According to the law firm press release, the complaint charges Prudential and certain of its officers and directors with violations of the Securities Exchange Act of 1934. Prudential is a financial services company that offers a wide array of financial products and services, including life insurance, annuities, retirement-related services, mutual funds, investment management, and real estate services.
The complaint alleges that during the Class Period, defendants caused the Company to issue materially false and misleading statements concerning the Company’s current and future financial condition, including its reserves and its potential liability to policyholders, their beneficiaries or relevant state authorities for millions of dollars in benefits that should have been paid out to policyholders or escheated to the states, and the extent of the Company’s exposure to claims of state and federal law violations.
On August 5, 2011, the Company filed a Form 10-Q with the SEC for the quarter ended June 30, 2011. The Form 10-Q discussed that the Company was currently being investigated by a third party auditor on behalf of 33 jurisdictions concerning state unclaimed property laws and disclosed for the first time that it had been subpoenaed by the New York Attorney General regarding its unclaimed property procedures. Then on November 2, 2011, the Company reported its third quarter fiscal 2011 financial results, including third quarter 2011 earnings results that missed Wall Street analyst consensus expectations, and that it had taken a $99 million charge to increase reserves related to its death benefits practices. On this news, the Company’s share price declined from a close of $53.67 per share on November 2, 2011 to $53.05 per share on November 3, 2011 and to $52.19 per share on November 4, 2011.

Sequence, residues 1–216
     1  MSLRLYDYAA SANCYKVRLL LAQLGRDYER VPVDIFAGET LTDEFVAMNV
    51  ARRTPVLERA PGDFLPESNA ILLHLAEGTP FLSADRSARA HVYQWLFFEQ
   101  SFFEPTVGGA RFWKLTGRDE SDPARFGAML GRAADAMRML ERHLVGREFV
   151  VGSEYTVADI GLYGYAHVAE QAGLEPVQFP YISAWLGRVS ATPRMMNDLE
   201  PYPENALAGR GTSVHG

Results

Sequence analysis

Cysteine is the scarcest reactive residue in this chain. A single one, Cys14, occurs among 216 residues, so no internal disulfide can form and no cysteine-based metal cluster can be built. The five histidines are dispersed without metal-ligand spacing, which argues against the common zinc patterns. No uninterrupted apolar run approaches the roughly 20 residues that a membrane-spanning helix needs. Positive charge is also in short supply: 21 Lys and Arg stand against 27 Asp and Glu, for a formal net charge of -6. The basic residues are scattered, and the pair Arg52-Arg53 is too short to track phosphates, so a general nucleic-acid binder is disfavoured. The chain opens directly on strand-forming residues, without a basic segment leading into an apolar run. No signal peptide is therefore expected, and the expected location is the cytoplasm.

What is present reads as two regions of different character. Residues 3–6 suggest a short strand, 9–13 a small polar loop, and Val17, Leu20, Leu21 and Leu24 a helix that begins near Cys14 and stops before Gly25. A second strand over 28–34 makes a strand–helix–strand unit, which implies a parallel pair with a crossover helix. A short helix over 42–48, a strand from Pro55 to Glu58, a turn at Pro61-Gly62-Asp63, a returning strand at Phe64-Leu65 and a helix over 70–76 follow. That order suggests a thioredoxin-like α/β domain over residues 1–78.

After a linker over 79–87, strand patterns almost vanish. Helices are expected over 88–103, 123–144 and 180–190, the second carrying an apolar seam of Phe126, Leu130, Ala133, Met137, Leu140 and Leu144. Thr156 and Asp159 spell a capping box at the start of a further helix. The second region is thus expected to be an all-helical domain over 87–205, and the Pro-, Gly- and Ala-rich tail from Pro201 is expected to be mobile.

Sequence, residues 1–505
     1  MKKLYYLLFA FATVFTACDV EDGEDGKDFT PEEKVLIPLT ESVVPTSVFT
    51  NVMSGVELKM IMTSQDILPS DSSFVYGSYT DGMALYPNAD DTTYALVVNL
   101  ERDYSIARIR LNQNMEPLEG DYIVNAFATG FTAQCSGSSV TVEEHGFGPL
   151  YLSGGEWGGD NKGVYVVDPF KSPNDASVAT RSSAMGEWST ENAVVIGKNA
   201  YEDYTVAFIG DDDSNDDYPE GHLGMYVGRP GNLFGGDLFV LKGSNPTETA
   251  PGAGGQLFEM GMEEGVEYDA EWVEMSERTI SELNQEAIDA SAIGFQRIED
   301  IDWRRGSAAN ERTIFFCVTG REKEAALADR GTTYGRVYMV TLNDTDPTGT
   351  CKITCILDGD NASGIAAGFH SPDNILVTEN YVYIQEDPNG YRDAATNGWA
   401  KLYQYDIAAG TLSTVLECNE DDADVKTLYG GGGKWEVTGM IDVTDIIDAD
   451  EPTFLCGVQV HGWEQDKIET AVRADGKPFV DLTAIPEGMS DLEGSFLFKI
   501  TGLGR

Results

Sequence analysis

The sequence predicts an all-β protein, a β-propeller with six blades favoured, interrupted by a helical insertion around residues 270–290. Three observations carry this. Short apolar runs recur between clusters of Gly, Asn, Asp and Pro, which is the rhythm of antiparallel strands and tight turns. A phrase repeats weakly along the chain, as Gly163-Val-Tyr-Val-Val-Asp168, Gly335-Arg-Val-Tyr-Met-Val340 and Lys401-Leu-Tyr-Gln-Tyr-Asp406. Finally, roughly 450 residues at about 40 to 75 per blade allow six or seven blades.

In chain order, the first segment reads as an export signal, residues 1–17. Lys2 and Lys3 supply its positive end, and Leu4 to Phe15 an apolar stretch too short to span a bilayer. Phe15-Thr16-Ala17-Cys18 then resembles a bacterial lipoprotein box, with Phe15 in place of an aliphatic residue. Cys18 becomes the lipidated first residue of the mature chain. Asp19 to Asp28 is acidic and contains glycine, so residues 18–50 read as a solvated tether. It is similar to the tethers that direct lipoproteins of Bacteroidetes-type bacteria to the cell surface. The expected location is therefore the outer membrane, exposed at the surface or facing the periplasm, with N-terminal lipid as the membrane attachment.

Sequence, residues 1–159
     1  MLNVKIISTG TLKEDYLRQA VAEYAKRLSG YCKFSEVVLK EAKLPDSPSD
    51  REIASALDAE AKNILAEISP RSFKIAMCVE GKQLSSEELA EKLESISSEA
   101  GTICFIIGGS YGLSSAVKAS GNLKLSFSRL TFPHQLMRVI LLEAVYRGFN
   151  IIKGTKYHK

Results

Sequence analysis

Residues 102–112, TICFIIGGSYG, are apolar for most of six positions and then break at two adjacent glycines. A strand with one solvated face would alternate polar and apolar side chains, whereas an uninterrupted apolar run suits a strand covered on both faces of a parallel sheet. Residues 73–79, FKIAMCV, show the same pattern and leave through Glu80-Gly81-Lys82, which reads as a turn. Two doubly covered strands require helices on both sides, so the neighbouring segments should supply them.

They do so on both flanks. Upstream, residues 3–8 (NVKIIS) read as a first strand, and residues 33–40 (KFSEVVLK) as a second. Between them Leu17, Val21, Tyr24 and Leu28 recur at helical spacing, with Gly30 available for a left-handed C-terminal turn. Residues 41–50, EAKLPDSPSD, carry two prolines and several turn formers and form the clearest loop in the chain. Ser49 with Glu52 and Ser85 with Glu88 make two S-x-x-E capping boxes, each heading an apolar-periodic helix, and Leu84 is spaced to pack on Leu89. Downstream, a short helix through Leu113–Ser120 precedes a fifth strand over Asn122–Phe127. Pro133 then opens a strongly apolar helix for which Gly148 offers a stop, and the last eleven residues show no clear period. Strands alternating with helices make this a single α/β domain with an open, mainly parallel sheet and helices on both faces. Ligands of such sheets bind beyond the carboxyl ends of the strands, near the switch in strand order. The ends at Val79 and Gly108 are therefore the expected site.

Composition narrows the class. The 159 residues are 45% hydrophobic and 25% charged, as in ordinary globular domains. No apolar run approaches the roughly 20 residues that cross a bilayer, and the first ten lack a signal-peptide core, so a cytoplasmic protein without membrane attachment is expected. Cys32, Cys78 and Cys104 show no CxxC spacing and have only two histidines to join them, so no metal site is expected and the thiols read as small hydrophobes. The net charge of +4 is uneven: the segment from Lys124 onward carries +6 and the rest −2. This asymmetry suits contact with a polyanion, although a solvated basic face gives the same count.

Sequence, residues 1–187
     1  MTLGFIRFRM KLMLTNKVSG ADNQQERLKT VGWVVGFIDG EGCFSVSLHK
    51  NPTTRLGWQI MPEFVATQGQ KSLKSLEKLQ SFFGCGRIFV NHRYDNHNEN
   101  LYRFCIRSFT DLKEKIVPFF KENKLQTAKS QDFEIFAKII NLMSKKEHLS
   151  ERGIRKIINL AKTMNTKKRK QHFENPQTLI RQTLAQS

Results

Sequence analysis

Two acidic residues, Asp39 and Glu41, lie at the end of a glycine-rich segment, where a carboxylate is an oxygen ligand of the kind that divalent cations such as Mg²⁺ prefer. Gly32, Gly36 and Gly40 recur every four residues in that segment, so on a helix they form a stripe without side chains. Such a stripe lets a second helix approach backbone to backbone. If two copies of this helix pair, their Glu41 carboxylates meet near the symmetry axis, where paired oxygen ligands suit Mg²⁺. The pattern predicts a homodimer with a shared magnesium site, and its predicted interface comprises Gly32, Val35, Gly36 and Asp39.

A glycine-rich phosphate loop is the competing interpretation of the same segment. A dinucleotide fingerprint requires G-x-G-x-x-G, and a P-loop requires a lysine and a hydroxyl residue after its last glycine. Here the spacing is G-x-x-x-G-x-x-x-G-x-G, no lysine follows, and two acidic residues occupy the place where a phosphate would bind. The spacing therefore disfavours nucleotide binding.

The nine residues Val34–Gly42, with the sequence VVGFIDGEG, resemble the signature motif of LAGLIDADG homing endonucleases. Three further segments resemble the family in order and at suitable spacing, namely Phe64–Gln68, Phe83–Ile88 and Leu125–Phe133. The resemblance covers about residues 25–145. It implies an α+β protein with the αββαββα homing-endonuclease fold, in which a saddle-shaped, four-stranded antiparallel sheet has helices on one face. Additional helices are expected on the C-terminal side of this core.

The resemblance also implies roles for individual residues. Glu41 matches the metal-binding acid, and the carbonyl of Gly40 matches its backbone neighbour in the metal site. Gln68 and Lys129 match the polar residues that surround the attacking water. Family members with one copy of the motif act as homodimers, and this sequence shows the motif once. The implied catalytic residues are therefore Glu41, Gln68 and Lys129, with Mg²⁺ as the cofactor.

According to the complaint, defendants’ financial reports and related disclosures during the Class Period were each materially false and misleading in that defendants knew or recklessly disregarded that the Company had not properly or adequately reserved for the payment of benefits to policyholders’ beneficiaries when it knew or had reason to know the policyholders were deceased causing the Company’s financial results and guidance for its operating earnings or income during the Class Period to be false.
On February 6, 2014 it was ordered that the motion to dismiss the amended complaint was denied in part and granted in part. The Complaint was dismissed as to Defendant Sayre and 20(b) allegations. All other allegations would remain.
On April 18, 2016, the parties entered into a Stipulation of Settlement. This Settlement was preliminarily approved by the Court on June 20.